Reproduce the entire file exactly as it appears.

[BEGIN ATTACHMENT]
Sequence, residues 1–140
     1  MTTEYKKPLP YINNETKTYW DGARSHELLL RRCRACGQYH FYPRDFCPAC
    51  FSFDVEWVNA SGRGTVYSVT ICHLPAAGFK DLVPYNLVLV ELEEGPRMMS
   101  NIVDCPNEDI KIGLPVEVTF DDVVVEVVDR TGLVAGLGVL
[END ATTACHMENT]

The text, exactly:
Sequence, residues 1–140
     1  MTTEYKKPLP YINNETKTYW DGARSHELLL RRCRACGQYH FYPRDFCPAC
    51  FSFDVEWVNA SGRGTVYSVT ICHLPAAGFK DLVPYNLVLV ELEEGPRMMS
   101  NIVDCPNEDI KIGLPVEVTF DDVVVEVVDR TGLVAGLGVL